Kaiser dug for cement and hit aluminum foil
By Donna Austin
As most people know, Henry J Kaiser founded a cement plant in Cupertino in 1939. He also built dams, boats, roads and the Kaiser Permanente medical system, named after the Permanente Creek that runs through our region. What most do not know is that alongside his cement plant, he also built the Kaiser Aluminum factory here in 1954. Over the decades, Kaiser become involved in every aspect of the aluminum industry, including mining and refining the production of aluminum.
Henry J. Kaiser was born on May 9th, 1882 at Sprout Brook, Montgomery County, New York. He died at age 85 in Honolulu. He moved west in 1906, and proved to his future father-in-law that he could make more than $125 a month to support his bride.
In 1914 he founded a road-paving company, which he expanded in 1927 after receiving a $20 million contract to build roads in Cuba. Kaiser’s firm was one of the prime contractors in building Hoover Dam, the Bonneville and Grand Coulee Dams. Kaiser realized that whoever built Shasta Dam would need 6 million barrels of cement and huge amounts of sand and gravel. He searched for a property containing limestone, and the deposit he found was along the lovely Rio Permanente Stream, in our Cupertino area. In 1939 he started development of the Kaiser cement plant here.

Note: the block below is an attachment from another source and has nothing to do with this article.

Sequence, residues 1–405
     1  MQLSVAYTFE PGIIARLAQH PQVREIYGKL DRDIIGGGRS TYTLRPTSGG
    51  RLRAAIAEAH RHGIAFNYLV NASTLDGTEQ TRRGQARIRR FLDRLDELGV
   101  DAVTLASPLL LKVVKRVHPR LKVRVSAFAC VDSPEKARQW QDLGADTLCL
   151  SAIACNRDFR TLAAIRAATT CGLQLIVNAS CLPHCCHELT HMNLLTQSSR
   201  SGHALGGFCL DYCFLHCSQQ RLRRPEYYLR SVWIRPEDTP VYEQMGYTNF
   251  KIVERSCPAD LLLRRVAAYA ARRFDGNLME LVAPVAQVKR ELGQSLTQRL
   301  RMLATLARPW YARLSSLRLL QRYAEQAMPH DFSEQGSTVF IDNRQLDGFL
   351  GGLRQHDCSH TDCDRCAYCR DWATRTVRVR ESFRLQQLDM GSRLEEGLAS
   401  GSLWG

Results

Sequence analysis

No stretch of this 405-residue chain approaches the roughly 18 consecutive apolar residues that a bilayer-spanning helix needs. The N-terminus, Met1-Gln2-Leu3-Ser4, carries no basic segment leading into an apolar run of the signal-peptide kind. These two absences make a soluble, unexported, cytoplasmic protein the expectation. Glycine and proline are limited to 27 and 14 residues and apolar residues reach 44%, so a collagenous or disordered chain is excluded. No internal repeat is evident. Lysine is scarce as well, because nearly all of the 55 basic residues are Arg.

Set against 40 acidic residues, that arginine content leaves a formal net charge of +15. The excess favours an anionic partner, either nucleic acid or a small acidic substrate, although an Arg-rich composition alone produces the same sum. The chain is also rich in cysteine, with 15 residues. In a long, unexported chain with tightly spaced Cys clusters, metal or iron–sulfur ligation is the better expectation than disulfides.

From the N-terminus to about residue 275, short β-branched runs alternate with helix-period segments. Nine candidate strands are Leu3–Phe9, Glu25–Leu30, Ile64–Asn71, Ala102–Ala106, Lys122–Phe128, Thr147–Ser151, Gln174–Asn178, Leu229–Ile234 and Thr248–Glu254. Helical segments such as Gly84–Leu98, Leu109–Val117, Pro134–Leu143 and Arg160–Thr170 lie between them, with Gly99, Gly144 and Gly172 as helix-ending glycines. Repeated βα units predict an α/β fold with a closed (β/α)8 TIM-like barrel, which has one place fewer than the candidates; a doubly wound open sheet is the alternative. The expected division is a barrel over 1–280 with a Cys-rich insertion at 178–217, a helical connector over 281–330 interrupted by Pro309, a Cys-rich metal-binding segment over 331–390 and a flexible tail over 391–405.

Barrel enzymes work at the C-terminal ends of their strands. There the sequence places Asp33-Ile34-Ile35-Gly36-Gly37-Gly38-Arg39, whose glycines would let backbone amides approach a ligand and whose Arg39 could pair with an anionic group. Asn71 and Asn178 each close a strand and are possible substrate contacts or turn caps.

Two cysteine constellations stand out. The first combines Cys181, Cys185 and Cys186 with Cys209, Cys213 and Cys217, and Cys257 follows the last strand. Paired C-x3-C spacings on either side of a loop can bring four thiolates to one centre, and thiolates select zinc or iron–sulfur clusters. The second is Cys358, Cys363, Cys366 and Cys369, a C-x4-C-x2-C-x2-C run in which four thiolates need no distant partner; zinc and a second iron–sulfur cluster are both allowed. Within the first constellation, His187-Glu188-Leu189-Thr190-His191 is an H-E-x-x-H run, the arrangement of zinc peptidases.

In early 1946, the government notified 300 potential buyers that it would be selling two wartime aluminum facilities, but only the Kaiser group made a bid. On April First, Kaiser began operation of his aluminum facility, and his critics noting the date thought it was an omen. How wrong they were! Kaiser Foil became a household word, it was produced here in Cupertino and provided hundreds of jobs to our valley.
In the first picture you see Kaiser Permanente cement building completed. (1940)
In the second picture you see Rosie the riveter with the guys in 1940 at the Kaiser cement plant. (1940)
In the third picture you see a plant supervisor watching the roles of aluminum as it is coming off the spools. (1954)